Page 242 - Jewish Book Annual Volume 25

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e w i s h
o o k
n n u a l
exuberance, in the ballad of his maturer years “In the Land
of Ephraim.”
The ballads about Saul carry special weight and significance.
For Saul was not only a namesake; it was a name in history,
a prototype of kingship and tragedy. Out of six poems about
Saul, five are ballads: “Endor,” “On the Ruins of Bet Shan,”
“The King,” “On the Mountains of Gilboa,” “A Band of Valiant
Men.” And with the exception of one, “The King,” they all
deal with the final chapter in Saul’s life. The most beautiful
ballad, “A Band of Valiant Men,” is a poetic version of the
last three verses of the First Book of Samuel. I t tells the story
of the valiant men who stole the bodies of the king and his
sons from the wall of Bet Shan and buried them under a tree in
Jabesh. The solemn march of men who carry the burden of
death under cover of night is depicted with consummate mastery.
The memory of the dead heroes is transformed into an instant
legend. No sign marks the grave. Neither the enemy nor David,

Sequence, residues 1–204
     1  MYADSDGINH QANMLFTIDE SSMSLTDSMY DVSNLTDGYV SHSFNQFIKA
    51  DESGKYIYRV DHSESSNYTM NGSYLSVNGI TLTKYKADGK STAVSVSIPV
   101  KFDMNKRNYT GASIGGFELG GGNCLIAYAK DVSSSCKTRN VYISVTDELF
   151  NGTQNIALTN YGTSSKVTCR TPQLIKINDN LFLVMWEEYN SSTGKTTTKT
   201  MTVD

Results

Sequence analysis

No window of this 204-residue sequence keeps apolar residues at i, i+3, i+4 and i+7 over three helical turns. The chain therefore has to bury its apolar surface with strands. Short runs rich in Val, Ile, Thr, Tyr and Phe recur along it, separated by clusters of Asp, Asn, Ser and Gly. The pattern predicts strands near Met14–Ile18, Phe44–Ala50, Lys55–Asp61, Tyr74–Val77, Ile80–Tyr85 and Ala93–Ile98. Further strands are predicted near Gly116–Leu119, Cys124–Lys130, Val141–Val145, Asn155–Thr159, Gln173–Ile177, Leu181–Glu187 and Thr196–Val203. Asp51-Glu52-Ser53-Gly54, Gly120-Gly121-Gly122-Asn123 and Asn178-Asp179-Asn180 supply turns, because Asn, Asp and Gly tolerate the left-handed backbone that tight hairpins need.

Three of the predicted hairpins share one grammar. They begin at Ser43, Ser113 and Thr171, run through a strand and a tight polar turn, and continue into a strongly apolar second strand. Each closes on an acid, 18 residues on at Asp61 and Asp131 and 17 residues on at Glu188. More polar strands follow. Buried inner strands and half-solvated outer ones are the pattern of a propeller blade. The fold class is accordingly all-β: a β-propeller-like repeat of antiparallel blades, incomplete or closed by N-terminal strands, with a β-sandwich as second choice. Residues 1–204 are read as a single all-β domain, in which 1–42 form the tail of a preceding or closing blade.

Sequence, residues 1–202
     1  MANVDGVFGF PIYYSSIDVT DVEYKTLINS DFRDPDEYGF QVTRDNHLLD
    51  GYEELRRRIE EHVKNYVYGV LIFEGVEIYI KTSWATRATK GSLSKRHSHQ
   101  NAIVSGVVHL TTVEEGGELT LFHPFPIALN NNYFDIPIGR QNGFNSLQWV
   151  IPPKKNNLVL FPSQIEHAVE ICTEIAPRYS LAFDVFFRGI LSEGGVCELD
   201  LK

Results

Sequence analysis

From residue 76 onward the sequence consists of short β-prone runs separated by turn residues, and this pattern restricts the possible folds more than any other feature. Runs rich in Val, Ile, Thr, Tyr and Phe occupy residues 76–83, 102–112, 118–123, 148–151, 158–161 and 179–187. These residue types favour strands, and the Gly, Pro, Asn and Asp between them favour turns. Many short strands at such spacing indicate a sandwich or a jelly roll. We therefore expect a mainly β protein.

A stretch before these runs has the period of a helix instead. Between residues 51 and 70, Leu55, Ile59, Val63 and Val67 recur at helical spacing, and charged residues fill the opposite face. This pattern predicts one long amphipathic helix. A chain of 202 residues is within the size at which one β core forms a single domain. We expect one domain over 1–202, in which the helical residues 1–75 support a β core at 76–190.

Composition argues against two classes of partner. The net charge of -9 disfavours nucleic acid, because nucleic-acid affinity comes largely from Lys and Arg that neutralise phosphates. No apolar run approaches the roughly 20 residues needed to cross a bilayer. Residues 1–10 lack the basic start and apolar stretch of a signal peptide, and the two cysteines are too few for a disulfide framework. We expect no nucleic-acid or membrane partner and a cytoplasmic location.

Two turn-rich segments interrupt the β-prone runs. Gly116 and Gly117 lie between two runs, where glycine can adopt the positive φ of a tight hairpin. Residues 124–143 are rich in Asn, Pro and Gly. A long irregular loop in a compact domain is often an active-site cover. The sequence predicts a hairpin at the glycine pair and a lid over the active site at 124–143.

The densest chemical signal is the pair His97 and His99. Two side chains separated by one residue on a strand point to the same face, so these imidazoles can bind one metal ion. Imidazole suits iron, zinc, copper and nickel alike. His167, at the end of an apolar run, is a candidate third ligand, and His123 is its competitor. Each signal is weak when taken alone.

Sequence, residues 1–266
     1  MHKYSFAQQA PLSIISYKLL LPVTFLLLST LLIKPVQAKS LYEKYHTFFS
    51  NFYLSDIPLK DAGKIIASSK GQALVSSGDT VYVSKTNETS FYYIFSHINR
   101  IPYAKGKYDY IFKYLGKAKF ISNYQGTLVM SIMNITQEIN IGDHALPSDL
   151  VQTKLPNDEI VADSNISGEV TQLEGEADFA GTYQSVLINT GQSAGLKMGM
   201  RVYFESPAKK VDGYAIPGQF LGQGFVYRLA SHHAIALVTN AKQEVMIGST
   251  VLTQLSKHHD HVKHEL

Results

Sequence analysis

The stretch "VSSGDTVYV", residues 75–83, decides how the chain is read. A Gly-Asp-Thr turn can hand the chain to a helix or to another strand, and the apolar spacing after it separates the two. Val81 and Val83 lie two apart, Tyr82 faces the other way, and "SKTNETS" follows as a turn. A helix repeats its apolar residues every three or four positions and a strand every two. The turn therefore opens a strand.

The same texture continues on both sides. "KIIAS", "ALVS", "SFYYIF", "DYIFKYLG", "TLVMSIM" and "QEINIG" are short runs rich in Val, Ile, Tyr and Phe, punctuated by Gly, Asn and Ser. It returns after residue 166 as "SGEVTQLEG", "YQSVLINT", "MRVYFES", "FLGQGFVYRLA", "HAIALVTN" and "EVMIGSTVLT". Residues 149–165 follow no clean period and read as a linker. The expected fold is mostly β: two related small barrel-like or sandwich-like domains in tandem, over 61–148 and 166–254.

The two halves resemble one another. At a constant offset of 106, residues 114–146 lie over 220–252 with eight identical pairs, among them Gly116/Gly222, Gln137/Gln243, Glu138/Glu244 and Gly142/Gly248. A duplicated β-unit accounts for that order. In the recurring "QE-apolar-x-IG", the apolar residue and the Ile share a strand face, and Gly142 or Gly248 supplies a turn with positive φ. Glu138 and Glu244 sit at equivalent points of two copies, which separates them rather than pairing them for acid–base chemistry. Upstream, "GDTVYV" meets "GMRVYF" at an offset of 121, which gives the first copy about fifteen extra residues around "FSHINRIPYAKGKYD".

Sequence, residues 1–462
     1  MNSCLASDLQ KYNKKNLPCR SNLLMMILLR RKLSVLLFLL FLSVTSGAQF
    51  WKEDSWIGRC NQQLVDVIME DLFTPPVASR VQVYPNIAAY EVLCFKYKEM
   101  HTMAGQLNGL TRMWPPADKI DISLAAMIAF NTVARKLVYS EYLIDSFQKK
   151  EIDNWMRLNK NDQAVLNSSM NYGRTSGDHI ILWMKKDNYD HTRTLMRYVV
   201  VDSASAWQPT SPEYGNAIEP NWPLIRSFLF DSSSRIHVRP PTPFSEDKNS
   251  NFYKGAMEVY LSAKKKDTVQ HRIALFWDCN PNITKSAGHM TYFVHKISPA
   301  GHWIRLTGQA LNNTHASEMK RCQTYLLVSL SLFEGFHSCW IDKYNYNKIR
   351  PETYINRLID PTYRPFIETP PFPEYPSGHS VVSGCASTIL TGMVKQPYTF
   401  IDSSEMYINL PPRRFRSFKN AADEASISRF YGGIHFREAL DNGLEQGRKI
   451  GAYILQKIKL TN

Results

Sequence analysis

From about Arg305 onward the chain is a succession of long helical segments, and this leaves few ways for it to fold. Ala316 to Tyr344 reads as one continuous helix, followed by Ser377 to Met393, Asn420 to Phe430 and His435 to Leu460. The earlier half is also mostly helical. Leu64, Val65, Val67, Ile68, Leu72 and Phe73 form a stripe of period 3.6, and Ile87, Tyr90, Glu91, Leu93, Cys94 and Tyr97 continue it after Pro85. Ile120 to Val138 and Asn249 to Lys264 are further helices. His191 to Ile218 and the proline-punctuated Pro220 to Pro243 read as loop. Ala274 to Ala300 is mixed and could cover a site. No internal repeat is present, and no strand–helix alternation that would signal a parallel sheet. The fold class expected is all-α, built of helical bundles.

the upstart king, “the slave of Bethlehem,” must know about
the ultimate disposition of the generous heart of Saul who fell
on his sword like a lion. Even Hebrew literature, so rich in
elegiac poetry, has few exemplars of such tragic intensity as
“A Band of Valiant Men.”
Tschernichowsky developed the sonnet, the idyll, the ballad
to a peak of perfection. He gave elegance to the sonnet, simplicity
to the idyll, folklike art and artlessness to the ballad. These three
genres are no longer popular today. Traditional genres and
traditional meters have been superseded by free verse, free
association, nondescript form in Hebrew poetry and in all the
major literatures of the world. Yet Tschernichowsky’s poetic
explorations of the ancient faith and the modern dilemma,
entrusted to rhymed and rhythmic verse, is still a powerful source
of the most revolutionary Hebrew poets in recent years.
Translations and Transformations
It is not only his original work which serves as paradigm and
pattern. His massive translations have blazed trails for many
vigorous successors and weak epigones. No other Hebrew poet
translated so compulsively, so much, so often. And no one was
better equipped for the onerous task.
His mastery of Hebrew, his knowledge of Greek and Latin,
Russian and Old Slavonic, Ukrainian and Serbian, German and
Yiddish, French and English, supplied him with unusual in-
sights into linguistic structures and styles. He made good use of
all these languages—with the exception of Yiddish and Ukrainian
—for his work of translation. Such was his cultural curiosity